PLA land offers range of sites for housing

If the Beijing and Hong Kong governments could agree on the release of vast areas for homes, the flats crisis would be eased and everyone would benefit

PUBLISHED : Tuesday, 03 July, 2018, 4:23am
UPDATED : Tuesday, 03 July, 2018, 4:23am

Beijing-friendly politicians often complain that the central government unfairly gets the blame for Hong Kong’s domestic problems. One of our biggest problems is surely housing.

So let’s think from a reverse perspective: what if the central government actively helps address one of Hong Kong’s problems, say housing, without being accused of interfering in local affairs?

‘PLA barracks are waste of resources and should be considered for land needs’

That, I gather, is what James Tien Pei-chun, honorary chairman of the Liberal Party, is suggesting when he proposes the People’s Liberation Army stationed in Hong Kong should consider giving up a massive but “underused” military site to help address the city’s housing woes.

The idea is nothing new, but it has been something of a taboo topic among officials and pro-government politicians. Even some pan-democrats seem to avoid this subject, having bought into the argument that defence and foreign policy relating to the city are still Beijing’s prerogatives.

But I can think of nothing more Chinese than a benevolent father providing housing to his children in need.

Clearly, there is room for discussion.

“Why can’t we ask Beijing to liaise with the PLA on releasing part of the land to Hong Kong?” he asked.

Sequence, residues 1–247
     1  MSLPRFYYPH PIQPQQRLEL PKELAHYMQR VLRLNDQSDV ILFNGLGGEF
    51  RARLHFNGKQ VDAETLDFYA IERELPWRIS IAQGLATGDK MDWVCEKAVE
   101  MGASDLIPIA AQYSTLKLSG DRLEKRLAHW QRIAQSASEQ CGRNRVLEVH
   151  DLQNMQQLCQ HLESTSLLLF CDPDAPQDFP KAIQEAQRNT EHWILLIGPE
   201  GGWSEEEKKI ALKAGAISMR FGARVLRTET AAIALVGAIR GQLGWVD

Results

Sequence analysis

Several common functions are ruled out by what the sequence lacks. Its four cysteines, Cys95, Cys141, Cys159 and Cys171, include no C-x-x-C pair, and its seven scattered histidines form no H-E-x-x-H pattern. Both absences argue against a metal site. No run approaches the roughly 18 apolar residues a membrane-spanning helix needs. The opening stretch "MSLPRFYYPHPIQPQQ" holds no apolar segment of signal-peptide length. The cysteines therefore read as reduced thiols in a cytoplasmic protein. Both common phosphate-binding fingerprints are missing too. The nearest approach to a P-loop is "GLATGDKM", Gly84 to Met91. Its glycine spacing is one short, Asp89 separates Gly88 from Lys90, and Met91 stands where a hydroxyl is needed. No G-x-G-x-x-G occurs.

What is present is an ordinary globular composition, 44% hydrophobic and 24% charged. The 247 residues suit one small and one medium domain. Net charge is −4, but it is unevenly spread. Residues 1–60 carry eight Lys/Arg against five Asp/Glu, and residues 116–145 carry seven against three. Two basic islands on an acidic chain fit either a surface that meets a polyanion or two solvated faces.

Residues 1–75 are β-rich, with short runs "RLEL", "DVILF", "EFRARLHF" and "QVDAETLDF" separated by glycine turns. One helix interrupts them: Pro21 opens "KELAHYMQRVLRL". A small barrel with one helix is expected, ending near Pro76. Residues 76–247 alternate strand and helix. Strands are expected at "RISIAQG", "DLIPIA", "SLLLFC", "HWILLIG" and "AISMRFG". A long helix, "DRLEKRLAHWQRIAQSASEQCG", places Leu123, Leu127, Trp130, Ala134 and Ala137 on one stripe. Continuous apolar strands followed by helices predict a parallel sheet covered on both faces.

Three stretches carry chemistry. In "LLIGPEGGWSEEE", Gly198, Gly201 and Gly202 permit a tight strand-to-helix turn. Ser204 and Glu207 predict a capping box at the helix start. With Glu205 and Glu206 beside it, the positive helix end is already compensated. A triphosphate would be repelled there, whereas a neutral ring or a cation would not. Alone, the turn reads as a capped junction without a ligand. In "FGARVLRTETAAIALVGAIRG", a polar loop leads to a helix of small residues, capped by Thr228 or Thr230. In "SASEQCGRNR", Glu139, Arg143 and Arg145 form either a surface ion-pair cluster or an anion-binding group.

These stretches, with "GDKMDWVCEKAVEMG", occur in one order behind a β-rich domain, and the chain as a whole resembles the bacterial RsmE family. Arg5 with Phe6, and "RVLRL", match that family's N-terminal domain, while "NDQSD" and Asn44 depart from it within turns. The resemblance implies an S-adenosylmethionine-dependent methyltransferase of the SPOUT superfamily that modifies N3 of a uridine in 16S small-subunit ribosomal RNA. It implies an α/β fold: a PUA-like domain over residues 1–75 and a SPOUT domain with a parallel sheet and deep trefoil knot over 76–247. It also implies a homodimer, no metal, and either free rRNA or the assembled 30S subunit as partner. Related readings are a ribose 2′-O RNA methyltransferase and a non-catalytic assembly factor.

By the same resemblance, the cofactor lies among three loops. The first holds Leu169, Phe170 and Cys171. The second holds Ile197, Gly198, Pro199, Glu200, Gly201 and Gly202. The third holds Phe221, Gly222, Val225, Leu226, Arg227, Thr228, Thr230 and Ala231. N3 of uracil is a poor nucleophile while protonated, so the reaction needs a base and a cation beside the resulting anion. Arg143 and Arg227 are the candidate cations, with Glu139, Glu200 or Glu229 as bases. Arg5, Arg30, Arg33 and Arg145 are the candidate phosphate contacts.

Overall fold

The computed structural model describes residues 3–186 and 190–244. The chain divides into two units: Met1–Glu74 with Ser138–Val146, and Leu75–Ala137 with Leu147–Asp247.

Former lawmaker wants army to hand over land for housing

He is referring to the Tsing Shan firing range across the Tuen Mun and Yuen Long region, which alone accounts for more than 80 per cent of 2,750 hectares of land managed by the PLA and is used for exercises in target shooting and tactical manoeuvres.

An ongoing public consultation on land supply, which offers 18 options, has understandably excluded all PLA land from consideration.

Its government-appointed commission claims we need to find 1,200 hectares to close the gap between supply and demand over the next three decades.

Just imagine, if the central government agreed to release the site and the local government, the majority shareholder of Disneyland, developed about 100 hectares next to the theme park. Problem solved and then some!

The firing range is just one of 19 sites controlled by the PLA. Chief Executive Carrie Lam Cheng Yuet-ngor can stop telling us how we all need to compromise for the greater good. Let the government serve the people, not the other way round.

Now I am no military expert. Maybe the PLA really does need the site for the defence of Hong Kong and southern China. The PLA and Beijing will always have the ultimate authority.

But the idea could be a win-win for everyone.